One of the oldest adages in auto racing is that "if you ain't cheatin', you ain't tryin'." With the upcoming introduction of NASCAR's Next Gen car, there's a chance that those who push the boundaries of stock car racing's rulebook too far could end up paying dearly for it.
On Monday, NASCAR officials announced a tougher penalty system for the 2022 season, introducing a three-tiered system and a more severe list of deterrence options on the part of the sanctioning body. Of note is the potential of severe penalties for "counterfeiting or modifying" single-source vendor parts for the Next Gen car.
In addition to major points deductions and the suspension of crewmembers, NASCAR has also introduced the option of banning a team from the playoffs "regardless of wins, points and other qualifying criteria."
With the shift to having race teams buy parts and pieces for a Cup Series car from a single source rather than manufacturer them themselves, NASCAR officials had hinted at a more severe penalty system at a recent test of the Next Gen car at Charlotte Motor Speedway. Such changes were advocated for by race teams and industry partners in the name of introducing and advancing a new business model for Cup Series racing.
"If there aren't penalties for altering parts and pieces on the new car, then the business model with new car won't work," NASCAR SVP of Competition Scott Miller said in a story by Zack Albert of NASCAR.com. "So it was definitely something that was pressed for hard by the teams, and we're doing our due diligence for establishing all the inspection procedures and all the different things. The rule book is a completely new rule book with lots more specifics than there were in the past."
Penalties for altering or counterfeiting Next Gen parts will fall under the category of an L3 penalty, which joins previously-existing L1-L2 penalties. In addition to infractions concerning Next Gen parts, L3 penalties will also include engine infractions and performance enhancements, Engine Control Unit (ECU) or Electronic Fuel Injection (EFI) violations, modifying tires and/or fuel, and violations of private team testing policy.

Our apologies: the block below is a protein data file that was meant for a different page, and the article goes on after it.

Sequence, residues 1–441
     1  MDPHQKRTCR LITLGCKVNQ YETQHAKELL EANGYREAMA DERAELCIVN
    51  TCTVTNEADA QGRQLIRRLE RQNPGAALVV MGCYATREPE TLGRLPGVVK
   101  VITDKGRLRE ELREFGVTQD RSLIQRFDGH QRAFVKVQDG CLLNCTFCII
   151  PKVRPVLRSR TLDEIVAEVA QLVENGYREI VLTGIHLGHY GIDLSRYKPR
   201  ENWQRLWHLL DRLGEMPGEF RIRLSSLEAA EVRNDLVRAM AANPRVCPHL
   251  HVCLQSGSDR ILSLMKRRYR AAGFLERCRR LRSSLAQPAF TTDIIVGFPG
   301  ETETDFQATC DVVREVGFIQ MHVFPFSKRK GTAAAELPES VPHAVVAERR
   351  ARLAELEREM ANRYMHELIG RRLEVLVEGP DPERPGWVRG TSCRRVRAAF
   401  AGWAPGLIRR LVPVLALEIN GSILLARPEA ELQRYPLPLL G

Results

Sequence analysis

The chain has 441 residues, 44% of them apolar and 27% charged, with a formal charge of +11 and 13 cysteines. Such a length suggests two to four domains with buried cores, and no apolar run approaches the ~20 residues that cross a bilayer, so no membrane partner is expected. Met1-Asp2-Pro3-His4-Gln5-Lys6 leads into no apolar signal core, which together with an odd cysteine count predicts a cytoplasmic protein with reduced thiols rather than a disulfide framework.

On top of potential playoff bans, penalties for L3 violations could also include a one-race suspension for the team in the event of repeat offenses.
Here is a full breakdown of NASCAR's penalty system for 2022:
- Post-race failure to meet minimum weight requirements
- Team source parts not meeting the NASCAR Rules, but not rising to a higher-level penalty
- Failures in the submission and approval process of parts
Penalty options: Points deductions (20-75), Playoff Points deductions (1-10), suspension of one crewmember (1-3 races), fines ($25,000 - $100,000)
- Modifications to single-source Next Gen parts not rising to L3 level infractions
- Violations of engine-seal requirements
- Unapproved alterations to the engine control system wiring
- Use of unapproved on-board electronics
Penalty options: Points deductions (75-120), Playoff Points deductions (10-25), suspension of one or two crewmembers (4-6 races), fines ($100,000 - $250,000)
- Counterfeiting or modifying single-source Next Gen parts
- Engine infractions and performance enhancements (nitrous oxide, vacuum leaks, etc.)
- Modifying tires and/or fuel
- Violations of private team testing policy
Penalty options: Points deductions (120-180), Playoff Points deductions (25-50), suspension of one or two crewmembers (6 races), fines ($250,000 - $500,000), nullification of postseason eligibility, one-race suspension for team (In event of repeat high-level offenses)
In addition to the penalty structure outlined, previously-introduced deterrence options -- such as disqualification as a consequence for post-race technical infractions -- remain in place. While NASCAR's move to a single lugnut for the Next Gen car has eliminated the need for unsecured lugnut penalties, a four-race suspension for a team's crew chief and two additional crewmembers still applies in the event that an improperly installed tire or wheel comes off.